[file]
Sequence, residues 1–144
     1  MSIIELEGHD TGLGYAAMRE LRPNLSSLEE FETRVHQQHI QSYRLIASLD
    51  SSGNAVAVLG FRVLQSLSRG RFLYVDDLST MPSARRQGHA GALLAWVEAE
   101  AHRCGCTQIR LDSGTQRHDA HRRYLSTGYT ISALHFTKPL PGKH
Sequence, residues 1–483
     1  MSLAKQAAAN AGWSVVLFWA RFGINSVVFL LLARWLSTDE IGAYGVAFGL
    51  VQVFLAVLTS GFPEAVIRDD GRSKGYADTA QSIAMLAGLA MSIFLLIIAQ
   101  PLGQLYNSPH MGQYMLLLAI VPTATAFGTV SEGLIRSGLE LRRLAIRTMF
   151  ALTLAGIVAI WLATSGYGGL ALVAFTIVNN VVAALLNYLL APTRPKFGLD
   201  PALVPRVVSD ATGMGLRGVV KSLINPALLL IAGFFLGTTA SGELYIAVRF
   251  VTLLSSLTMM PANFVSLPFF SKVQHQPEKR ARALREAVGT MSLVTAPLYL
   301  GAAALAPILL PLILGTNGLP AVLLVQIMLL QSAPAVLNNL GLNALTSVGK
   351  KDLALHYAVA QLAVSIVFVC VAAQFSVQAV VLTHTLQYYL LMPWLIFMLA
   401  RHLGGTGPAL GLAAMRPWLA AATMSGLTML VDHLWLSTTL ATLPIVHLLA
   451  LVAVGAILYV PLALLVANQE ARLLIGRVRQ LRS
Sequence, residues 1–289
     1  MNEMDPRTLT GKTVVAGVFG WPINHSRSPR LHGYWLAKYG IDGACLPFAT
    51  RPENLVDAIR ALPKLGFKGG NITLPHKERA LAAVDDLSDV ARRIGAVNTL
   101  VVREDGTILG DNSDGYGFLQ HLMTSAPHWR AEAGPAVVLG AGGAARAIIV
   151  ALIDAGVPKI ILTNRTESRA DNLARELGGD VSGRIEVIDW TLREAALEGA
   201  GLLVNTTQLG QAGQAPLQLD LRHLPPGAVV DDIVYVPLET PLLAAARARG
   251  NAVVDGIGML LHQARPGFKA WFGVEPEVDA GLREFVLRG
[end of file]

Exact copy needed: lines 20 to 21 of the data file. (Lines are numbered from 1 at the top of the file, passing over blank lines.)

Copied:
   151  ALIDAGVPKI ILTNRTESRA DNLARELGGD VSGRIEVIDW TLREAALEGA
   201  GLLVNTTQLG QAGQAPLQLD LRHLPPGAVV DDIVYVPLET PLLAAARARG